Two weeks and five flights later, we are ending our engagement in the ad hoc help in Sierra Leone this week. The success of this project has been tremendous, so we wanted to share a few of our achievements with you.
Within two weeks, we sent almost a ton of special equipment, antibiotics and other vital tools. Always taking the Top 20 list of most urgently needed items into consideration, we managed to send 74 different and a total of 22.000 objects to Sierra Leone, some of which are literally life-saving. A big factor here was that we worked jointly with hospitals and their head doctors, therefore we only sent goods that were needed most, always beating their expectations of how fast and accurately we could respond to their wishes. By comparison the WHO, as a major organisation, sent approximately six tons of needed goods without being as specific as we were.
In addition to that we were one of the first organisations to respond. Within one week, we already had two flights landed in Sierra Leone, two more than the EU were able to send at this time. This just shows how well organised our work has been and how fast we managed to respond to this terrible event.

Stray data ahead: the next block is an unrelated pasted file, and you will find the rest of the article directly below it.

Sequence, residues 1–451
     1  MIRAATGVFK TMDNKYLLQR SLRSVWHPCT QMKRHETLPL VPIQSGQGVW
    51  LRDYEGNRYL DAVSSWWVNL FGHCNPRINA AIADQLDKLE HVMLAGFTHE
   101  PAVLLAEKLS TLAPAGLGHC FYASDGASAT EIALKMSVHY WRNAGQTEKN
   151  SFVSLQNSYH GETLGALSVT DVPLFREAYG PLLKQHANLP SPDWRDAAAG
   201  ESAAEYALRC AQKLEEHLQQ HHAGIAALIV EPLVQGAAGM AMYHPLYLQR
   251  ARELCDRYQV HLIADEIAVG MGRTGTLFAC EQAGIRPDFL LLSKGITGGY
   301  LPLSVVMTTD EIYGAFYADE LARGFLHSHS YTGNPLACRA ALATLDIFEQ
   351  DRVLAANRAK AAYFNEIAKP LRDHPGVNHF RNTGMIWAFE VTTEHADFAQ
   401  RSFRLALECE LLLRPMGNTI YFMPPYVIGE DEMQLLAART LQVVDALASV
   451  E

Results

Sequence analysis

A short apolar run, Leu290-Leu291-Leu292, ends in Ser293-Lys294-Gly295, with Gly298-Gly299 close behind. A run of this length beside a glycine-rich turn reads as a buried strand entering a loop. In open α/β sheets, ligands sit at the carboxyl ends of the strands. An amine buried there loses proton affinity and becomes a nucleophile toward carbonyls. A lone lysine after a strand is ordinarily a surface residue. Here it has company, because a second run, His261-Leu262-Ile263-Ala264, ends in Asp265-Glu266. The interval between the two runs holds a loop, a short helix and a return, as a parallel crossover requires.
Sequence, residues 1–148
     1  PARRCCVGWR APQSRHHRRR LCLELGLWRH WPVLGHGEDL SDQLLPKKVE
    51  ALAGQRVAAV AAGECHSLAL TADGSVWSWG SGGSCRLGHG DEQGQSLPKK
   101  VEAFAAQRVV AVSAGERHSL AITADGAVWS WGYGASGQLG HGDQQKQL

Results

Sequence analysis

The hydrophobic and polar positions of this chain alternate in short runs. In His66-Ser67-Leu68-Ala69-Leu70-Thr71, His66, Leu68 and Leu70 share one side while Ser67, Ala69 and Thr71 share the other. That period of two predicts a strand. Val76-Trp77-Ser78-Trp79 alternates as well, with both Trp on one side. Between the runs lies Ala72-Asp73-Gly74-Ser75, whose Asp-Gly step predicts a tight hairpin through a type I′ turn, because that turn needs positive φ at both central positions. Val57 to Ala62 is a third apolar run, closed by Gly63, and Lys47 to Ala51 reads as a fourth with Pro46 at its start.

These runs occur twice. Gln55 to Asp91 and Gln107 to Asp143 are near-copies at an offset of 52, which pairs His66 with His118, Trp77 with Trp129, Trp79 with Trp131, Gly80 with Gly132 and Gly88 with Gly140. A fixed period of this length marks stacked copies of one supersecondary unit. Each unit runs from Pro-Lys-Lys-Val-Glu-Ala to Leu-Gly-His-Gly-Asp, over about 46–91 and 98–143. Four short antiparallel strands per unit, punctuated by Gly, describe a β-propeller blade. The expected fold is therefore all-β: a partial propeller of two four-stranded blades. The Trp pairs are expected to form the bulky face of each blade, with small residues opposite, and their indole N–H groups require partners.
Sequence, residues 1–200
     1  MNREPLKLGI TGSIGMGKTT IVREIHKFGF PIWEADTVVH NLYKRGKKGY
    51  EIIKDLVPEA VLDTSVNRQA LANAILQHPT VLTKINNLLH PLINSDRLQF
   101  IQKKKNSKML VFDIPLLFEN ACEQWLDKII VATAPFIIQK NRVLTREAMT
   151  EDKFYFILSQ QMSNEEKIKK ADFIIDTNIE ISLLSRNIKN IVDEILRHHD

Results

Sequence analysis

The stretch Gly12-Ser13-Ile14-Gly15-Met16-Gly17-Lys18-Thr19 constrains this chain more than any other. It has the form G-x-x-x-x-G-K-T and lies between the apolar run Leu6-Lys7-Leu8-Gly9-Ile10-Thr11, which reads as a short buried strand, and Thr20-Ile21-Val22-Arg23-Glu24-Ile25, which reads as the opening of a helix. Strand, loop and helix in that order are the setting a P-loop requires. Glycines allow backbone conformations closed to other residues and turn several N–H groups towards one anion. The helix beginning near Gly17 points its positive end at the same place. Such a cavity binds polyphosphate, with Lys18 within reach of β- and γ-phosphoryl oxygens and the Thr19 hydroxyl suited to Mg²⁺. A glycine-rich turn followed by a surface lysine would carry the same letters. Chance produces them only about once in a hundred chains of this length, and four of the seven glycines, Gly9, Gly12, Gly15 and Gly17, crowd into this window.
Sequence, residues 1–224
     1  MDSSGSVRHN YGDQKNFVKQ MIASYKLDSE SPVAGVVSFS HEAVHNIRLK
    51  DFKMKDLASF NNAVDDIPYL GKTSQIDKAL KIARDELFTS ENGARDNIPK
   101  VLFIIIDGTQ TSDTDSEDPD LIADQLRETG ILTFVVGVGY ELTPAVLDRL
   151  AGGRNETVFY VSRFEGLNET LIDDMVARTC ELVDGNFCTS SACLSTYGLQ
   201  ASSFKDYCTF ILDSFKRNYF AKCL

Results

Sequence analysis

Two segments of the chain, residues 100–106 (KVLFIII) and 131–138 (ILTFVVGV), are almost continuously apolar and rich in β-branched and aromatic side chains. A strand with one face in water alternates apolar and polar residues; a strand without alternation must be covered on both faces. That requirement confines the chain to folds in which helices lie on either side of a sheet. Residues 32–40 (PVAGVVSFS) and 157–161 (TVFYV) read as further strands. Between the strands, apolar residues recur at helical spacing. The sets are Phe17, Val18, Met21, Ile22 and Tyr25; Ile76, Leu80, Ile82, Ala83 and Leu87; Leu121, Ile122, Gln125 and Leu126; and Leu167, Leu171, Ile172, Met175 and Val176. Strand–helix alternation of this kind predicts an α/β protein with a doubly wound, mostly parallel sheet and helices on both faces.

Furthermore, we organised a whole skin transplantation set, containing a dermatome, a skin graft mesher and a skin carrier, of which there are only a few available in Germany but not many of them used. For the affected people in Sierra Leone, this could mean the difference between life and death.
Two eventful weeks now come to an end and we can look back with pride on what we achieved. Our impact has been huge as officials and doctors tell us of what great importance our aid has been. Many thanks to all our partners, as well as to generous donors and logistical supporters.
We can honestly say that our work has been saving lives. All the people involved, working day and night to organise the next transport or donation, proved our high level of commitment and deserve immense respect and recognition. As Alexis, the lead of the project, said: “Those two weeks have been his most stressful yet his most fulfilling time at Aid Pioneers”.